Monday, 21 May 2007

Prom Queen Syndrome

My girlfriend recently came up with this diagnosis, after enduring serious bouts of precious behaviour from some of our white middle-class friends, and from me (also white, middle-class).

Basically, a prom queen* has huge amounts of popularity, so much so that she** expects everyone to like her. Finding that anyone has problems with her (or is even disinterested in her)especially someone with less power, leads to much hand-wringing, and declarations that she is being ‘bullied’, ‘oppressed’ or ‘disrespected’ and will generally cause her to pack up her toys and move on to other friends.

Prom queens have no skills when it comes to resolving disagreements, because they have always been popular enough to find other friends, rather than ride out the tough times. They are almost always unaware of their own power and sense of entitlement, and are prepared to complain at great length to women whose lives are much harder than theirs. Their sense of solidarity is consequently impaired and their conception of feminism often involves other women giving them the numbers to advance their own demands.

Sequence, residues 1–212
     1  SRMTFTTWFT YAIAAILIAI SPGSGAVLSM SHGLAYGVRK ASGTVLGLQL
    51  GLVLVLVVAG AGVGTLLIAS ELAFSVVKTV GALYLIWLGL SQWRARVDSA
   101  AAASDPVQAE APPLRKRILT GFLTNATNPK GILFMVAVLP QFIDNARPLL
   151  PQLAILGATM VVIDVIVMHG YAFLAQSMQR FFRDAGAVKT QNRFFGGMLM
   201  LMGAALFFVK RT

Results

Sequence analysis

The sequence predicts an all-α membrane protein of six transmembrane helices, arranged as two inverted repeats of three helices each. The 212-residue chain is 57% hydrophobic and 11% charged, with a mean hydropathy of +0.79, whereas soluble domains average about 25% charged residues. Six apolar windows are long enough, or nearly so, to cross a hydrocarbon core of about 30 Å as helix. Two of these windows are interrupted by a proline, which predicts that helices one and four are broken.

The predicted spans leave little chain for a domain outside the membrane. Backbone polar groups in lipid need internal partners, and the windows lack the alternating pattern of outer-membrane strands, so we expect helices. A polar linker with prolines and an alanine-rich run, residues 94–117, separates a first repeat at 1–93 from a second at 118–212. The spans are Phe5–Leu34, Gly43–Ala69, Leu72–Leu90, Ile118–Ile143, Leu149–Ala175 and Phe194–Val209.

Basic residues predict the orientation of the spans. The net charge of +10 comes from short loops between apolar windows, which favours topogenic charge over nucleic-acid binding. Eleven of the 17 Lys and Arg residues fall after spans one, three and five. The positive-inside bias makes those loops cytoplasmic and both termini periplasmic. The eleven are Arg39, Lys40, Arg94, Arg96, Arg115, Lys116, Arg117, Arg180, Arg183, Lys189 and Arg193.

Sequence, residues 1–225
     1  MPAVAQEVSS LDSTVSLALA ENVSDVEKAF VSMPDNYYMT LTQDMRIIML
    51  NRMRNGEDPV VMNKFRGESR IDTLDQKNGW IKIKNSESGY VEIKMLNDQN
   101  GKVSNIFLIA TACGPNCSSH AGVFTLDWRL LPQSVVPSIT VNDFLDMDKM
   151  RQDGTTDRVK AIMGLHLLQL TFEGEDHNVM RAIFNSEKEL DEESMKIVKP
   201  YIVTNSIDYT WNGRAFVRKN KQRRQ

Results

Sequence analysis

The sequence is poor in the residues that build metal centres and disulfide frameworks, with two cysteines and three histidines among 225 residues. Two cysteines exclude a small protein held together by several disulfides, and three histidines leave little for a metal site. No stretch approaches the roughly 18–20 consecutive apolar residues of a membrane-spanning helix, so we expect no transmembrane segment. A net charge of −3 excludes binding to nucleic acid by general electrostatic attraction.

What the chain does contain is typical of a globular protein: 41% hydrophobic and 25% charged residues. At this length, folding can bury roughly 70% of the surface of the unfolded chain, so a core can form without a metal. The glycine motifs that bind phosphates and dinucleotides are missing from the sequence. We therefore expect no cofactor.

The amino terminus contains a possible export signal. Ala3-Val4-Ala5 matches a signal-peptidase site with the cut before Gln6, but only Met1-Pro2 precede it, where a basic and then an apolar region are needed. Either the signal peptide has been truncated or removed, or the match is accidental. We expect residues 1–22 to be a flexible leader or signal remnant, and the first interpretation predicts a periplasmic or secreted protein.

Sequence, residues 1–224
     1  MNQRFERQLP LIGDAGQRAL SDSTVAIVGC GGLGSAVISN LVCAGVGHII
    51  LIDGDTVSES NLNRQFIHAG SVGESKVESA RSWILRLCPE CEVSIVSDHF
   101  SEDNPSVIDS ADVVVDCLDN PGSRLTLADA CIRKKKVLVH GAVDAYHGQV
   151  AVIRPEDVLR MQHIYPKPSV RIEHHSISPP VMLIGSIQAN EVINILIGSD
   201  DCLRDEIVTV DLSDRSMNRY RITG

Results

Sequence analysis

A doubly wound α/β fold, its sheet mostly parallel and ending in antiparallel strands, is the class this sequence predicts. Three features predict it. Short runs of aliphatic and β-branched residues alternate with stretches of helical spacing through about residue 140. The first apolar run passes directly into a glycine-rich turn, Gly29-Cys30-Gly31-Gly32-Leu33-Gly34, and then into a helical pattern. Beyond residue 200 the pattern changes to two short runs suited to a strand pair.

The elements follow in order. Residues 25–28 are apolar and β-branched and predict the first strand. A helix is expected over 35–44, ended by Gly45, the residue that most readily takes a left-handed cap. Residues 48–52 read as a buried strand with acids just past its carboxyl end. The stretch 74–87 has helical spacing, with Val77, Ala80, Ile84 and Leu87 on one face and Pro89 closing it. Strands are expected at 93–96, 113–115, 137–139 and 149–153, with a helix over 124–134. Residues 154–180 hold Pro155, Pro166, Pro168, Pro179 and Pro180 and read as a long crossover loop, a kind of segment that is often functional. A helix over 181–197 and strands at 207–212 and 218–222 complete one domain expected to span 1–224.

*Of course it is possible to display symptoms of PQS without being a full-blown prom queen.
**No cases have yet been diagnosed among middle-class men, perhaps because they have to worry even less about what people think of them.

I haven’t followed the whole argument, but Jessica (of is displaying several symptoms of it over at feministe in the argument about whether or not her latest book does a disservice to women of colour. Eg. I’m not visiting your blog to discuss ways I may have used my privilege to hurt you because someone once said something mean to me there…

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